We came to the highest waterfall in Europe. It was situated what seemed to be perfectly below the middle of the cliffs and fell without a sound. It looked like a white ribbon that wound it’s way off the mountain, letting its falls be whipped by the wind. Everyone pulled their beanies tighter over their ears and noses turned pink in the cold as we stood in the shade of the mountains.

Sunday was a little different. I went on a (real) hike with a group of French, German, and a handful of students from the U.S., also in Pyrenees National Park. Bernard was our guide once again, and since some of us had been on the hike the day before, I think he wanted to up the difficulty. Our destination was Pic d’Ossau that sat high above Vallee d’Aspe. We set off at a quicker pace, all of us surprised again by the cold.

I couldn’t get over how much I loved the cold. I couldn’t believe how much I adored having my nose run and drip from the chilliness. The cold made me feel alive and the wind was there to remind me of who truly towered over us with those peaks.

As the valley grew small far below us and we continued to climb up and up, I was beginning to wonder if Bernard was secretly carrying krampons for thirty people with him because at this rate, we would be dancing in the snow. The minute I thought we were at the top, we kept getting higher. The grass grew longer and waved in the wind, the peaks that rose up around us sang. They are always singing to me and I was tempted to sing back like Julie Andrews.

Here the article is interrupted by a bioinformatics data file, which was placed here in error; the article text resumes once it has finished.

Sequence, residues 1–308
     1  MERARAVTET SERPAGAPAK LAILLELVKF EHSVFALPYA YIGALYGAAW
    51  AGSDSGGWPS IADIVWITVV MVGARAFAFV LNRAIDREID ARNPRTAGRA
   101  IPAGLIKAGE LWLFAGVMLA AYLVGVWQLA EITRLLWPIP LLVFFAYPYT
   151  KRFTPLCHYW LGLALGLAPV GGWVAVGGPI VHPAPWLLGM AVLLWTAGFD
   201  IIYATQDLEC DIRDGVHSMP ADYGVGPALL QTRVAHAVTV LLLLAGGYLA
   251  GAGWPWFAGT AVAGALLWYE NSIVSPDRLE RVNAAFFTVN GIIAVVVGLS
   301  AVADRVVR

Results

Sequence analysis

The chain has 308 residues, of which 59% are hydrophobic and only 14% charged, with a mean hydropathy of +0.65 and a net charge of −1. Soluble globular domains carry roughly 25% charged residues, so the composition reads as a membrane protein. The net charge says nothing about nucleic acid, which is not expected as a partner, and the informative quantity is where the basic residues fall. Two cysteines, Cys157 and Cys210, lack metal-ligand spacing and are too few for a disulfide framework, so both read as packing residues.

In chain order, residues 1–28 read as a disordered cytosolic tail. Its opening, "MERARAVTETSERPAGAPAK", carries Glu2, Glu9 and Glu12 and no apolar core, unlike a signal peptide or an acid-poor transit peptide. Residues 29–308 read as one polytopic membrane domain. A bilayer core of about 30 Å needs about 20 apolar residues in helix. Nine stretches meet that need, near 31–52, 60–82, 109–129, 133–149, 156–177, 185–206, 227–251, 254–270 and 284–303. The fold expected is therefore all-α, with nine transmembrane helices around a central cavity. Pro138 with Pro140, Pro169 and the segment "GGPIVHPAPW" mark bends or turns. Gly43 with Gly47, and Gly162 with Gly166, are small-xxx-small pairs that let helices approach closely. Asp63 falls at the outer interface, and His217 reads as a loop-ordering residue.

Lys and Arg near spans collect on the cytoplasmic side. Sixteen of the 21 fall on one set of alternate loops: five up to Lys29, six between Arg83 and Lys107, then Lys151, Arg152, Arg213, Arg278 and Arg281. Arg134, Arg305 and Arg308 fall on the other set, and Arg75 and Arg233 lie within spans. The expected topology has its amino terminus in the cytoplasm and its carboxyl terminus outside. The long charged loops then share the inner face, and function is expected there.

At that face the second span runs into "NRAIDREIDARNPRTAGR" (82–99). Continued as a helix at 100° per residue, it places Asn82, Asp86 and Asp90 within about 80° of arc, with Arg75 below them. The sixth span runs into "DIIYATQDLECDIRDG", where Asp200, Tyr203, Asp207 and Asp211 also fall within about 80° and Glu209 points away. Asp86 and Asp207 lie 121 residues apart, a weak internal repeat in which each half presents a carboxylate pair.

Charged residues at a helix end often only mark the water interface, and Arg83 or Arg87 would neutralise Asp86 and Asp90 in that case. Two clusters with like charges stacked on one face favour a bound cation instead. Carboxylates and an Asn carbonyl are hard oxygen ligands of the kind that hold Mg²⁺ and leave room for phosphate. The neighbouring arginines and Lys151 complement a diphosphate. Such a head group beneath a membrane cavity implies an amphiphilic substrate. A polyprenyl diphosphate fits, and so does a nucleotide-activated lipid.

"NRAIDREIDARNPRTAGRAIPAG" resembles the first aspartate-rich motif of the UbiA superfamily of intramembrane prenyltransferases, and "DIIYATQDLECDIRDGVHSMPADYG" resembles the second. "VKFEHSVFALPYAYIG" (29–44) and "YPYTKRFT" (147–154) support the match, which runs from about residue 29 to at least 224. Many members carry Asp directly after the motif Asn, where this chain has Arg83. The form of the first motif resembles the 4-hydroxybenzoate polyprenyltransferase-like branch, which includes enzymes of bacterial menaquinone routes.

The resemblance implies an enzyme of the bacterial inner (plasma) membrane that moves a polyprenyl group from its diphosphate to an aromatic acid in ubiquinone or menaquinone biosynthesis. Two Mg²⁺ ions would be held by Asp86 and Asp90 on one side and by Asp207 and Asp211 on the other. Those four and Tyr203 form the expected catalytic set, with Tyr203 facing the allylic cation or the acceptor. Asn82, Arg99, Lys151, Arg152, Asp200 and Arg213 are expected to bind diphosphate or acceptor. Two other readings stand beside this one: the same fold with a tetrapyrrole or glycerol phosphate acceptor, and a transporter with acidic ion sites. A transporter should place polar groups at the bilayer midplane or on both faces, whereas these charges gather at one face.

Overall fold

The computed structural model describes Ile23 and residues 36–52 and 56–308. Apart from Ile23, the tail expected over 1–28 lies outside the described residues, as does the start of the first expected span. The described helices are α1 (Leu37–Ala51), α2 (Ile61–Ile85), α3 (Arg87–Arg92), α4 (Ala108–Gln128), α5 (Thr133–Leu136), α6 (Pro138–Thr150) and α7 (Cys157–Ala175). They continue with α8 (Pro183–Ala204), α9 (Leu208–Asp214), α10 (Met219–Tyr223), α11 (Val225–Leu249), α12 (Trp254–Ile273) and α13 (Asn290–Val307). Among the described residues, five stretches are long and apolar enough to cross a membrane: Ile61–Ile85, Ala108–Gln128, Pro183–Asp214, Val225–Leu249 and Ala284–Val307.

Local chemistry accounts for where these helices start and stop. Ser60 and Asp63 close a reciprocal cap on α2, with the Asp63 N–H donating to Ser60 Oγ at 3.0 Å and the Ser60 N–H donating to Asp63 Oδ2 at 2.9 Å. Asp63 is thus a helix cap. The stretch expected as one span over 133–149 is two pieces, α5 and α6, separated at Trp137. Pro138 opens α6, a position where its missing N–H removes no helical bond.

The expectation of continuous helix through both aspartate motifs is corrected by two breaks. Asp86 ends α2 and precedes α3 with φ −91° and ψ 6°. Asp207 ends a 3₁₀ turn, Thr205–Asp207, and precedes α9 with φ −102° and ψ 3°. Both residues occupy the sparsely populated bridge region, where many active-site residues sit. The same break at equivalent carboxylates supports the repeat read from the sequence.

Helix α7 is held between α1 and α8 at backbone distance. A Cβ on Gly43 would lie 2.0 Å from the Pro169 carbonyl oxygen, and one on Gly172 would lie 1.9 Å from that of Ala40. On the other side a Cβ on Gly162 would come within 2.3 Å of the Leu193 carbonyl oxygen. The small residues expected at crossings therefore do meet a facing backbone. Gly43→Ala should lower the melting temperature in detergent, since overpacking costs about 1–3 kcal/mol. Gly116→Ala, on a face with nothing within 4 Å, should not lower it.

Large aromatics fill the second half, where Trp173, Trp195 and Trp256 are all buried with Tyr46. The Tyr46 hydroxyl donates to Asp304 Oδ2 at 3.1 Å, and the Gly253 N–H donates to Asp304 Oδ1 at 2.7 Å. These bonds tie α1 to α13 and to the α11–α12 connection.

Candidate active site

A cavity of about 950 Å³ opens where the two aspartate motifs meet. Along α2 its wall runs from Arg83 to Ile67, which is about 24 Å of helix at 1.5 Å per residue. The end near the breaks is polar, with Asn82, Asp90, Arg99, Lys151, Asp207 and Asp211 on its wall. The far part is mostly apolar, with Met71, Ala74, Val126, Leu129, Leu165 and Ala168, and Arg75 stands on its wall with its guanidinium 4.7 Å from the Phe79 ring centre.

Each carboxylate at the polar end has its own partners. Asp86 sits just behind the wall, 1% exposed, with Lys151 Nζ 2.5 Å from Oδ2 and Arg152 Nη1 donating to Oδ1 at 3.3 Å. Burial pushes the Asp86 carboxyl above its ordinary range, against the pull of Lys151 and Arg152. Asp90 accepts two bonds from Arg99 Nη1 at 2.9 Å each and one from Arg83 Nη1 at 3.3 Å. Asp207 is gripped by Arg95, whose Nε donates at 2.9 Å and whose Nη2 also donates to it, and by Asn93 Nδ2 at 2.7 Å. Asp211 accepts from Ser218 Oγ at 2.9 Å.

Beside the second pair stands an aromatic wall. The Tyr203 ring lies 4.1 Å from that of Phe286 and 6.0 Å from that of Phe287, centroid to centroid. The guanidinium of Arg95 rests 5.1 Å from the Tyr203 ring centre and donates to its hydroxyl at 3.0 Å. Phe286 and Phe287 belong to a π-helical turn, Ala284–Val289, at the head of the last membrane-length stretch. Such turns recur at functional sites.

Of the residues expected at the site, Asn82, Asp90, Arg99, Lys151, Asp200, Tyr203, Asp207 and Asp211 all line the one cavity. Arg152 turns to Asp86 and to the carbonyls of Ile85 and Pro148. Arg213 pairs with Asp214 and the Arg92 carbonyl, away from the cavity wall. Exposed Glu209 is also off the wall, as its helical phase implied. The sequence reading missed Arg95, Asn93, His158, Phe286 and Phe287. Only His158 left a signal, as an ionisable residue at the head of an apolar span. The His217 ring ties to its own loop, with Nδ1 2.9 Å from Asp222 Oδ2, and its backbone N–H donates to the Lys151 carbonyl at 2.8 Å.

Reaching the top of Pic d’Ossau, I felt the strongest wind I have ever felt. I almost lost my hat, as we ascended. Bernard held up his hands above him at the top as if he were being welcomed back by some old (mountainous) friends. We spotted a mountain goat dashing off nervously over the hills at the sound of us coming. It was one of the most dramatic sites I have ever been a part of---the peaks in the distance looking ominous and craggy, capped with tons of snow. It was cloudy and the wind howled. I wanted to howl back.

Feeling the wind toss us around at the top and being so cold, but not even noticing because we couldn’t get over how incredible it felt to be apart of something so grand, now THAT was being alive. Sometimes I need reminding that  I am small, but I can be a part of something magnificent. I also need to be reminded of what it means to truly be alive. This could explain my love for the freezing ocean water at home---even on foggy days, you better believe we’ll be paddling out. That shock to the system, when embraced with a good attitude, can act the best reminder of what we are meant to feel.

We sat down in the long grass at the top to eat our snacks. I watched Bernard and the way he didn’t seem the least bit cold. It wasn’t until I sat down and tore my gaze from the peaks that I realized I was cold and shivering. But for once, I wasn’t going to let my being uncomfortable, put a damper on the experience. In fact, it was a part of the experience, and I was going to feel every moment with it: freezing hands, pink cheeks from the wind, and hysterical laughter at the constant reminder that I was alive in such a grand place.